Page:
I for one encourage anyone considering Arrowsmith to give it a shot for a year. In our experience it has been the best thing we could have done for our son.

    1. Could you be more specific in how it worked?

  11. Dear Anonymous
    Thanks for contributing to the discussion. I am pleased that you have found something that seems to be producing gains for your son. I would encourage you though, to read over my responses to some similar posts above. If the AP is beneficial to some children, as evidenced by robust (ideally independent) research, then I will be happy to share that information via my blog. You ask me what evidence I have that it is not effective, but that is the precisely the problem - there is no scientific evidence about this program one way or the other.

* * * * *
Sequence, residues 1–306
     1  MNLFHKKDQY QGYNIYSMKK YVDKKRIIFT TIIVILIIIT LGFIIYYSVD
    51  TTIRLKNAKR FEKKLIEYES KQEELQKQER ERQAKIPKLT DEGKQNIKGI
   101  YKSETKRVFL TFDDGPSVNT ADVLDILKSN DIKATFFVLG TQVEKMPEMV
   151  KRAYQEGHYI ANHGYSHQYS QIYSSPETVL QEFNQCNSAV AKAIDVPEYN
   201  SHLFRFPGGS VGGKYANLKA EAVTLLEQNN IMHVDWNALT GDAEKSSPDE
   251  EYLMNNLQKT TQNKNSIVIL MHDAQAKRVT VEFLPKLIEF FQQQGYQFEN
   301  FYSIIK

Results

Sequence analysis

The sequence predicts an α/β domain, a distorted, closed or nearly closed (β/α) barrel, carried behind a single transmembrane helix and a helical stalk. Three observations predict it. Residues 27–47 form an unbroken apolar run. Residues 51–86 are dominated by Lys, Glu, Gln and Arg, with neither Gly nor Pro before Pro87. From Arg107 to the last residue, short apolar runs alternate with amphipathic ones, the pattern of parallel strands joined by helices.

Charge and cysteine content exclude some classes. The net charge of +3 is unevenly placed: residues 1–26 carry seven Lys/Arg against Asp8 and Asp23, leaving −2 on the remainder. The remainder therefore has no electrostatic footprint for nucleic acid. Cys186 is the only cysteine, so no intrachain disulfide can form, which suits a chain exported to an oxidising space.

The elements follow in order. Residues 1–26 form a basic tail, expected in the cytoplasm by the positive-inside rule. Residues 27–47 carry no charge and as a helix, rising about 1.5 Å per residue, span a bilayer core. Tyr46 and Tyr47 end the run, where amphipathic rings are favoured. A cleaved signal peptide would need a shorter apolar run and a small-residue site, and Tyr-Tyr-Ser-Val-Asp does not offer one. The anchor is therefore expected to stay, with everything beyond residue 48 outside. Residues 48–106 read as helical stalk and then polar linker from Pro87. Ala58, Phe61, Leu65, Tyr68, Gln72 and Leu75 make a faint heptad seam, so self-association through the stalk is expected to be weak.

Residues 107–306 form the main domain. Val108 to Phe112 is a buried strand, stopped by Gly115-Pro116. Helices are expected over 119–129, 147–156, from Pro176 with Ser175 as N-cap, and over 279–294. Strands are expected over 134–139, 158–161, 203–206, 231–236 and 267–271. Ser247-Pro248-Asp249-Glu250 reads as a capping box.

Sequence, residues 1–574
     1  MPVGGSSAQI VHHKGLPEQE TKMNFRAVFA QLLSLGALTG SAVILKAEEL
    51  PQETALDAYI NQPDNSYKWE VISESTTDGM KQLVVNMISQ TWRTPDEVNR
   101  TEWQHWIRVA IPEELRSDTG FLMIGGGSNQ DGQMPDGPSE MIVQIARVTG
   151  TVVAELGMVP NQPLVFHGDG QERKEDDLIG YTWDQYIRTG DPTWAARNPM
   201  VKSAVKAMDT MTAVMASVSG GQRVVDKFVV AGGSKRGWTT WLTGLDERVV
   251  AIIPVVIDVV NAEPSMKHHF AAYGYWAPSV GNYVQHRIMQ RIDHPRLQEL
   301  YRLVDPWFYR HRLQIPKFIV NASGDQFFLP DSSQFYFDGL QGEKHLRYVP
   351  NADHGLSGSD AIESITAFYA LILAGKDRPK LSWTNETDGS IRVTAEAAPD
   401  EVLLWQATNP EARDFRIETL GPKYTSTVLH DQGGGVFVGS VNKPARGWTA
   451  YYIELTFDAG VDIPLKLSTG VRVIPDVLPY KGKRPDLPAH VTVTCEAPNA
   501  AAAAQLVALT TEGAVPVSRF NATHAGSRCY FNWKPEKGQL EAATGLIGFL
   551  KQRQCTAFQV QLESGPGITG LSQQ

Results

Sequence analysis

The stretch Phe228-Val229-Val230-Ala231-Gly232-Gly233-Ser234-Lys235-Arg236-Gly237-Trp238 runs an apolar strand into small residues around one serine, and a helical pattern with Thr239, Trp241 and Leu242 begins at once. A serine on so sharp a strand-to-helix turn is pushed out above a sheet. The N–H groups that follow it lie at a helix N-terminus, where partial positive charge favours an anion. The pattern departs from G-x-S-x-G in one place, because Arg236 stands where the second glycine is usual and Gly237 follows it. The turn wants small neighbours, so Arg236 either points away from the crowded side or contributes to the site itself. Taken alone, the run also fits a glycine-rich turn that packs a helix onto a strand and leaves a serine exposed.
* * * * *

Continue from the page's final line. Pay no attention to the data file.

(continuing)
You are fortunate to be in a position to pay the not inconsiderable sums of money to engage with this program, but what of the parents who are not able to bankroll this commitment? They are left feeling guilty and wondering, but in reality the program may not be a panacea at all. I reiterate that this program has been around for over 30 years, but has not played ball with the scientific method.

    I don't think it's ethical to charge money and play on parents' hopes, for something that has plenty of time to be validated or dismissed. Confidentiality agreements prevent us from hearing the "testimonials" from parents whose children have not benefitted from the program.

    I could not agree more that we need better research funding in this space, but I don't see how that legitimises three decades of a successful business model without an empirical basis.